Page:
Limit your plants to the irrigation and fertilizer they need. With perennial plants and well-established trees, you’ll get away without too much extra fertilizer and irrigation. Use a light touch and keep weeds at bay.

8) Solarize

If you cover an area of weeds with some heavy plastic, this is known as solarizing. The method works best when you have full sun and the heat can collect under the sheet. As this happens, the weeds are literally baked.

Once in place, leave the sheet covering the weeds for anywhere from 4 to 6 weeks.

9) Give the weeds some competition

If weeds have no space to grow, you won’t be menaced by them cropping up.

Plant some dense perennial plants and ground covers in your ornamental beds. Shrubs and trees have heavy root systems that can stop weeds from growing below.

10) Minimize digging and tilling

Every time you turn over the soil in your garden, this will encourage new weed seeds up to the surface.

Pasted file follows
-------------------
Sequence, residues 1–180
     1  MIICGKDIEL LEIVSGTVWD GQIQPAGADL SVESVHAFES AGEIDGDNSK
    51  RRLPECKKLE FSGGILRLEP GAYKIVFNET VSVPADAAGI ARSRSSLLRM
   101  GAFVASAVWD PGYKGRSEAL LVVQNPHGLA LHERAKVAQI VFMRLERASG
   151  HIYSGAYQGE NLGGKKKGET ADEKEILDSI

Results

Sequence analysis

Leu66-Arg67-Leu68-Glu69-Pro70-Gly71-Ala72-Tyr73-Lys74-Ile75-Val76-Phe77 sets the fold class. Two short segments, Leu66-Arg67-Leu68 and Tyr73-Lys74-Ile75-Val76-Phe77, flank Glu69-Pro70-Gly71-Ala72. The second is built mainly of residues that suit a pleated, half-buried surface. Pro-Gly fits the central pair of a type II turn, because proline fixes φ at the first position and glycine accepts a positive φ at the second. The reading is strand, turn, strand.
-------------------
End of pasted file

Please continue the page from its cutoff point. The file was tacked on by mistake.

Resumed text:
To avoid this, only till your garden when absolutely essential. As an example, if you are seeding some veggies, you only need to dig down as far as necessary to plant the seeds rather than extensively digging and tilling the whole bed. As an added kicker, this method can also improve the fertility and structure of your soil, so why not give the no-till method a try?


III. Conclusion

If you’re battling weeds in your garden and you’re reluctant to resort to Roundup, we don’t blame you. With the minimum of effort you can fight back against common weeds without resorting to chemicals.

We have plenty more handy guides like today’s coming your way over the coming weeks, so make sure you bookmark Wild River Country and be sure to pop back soon. We update our content daily.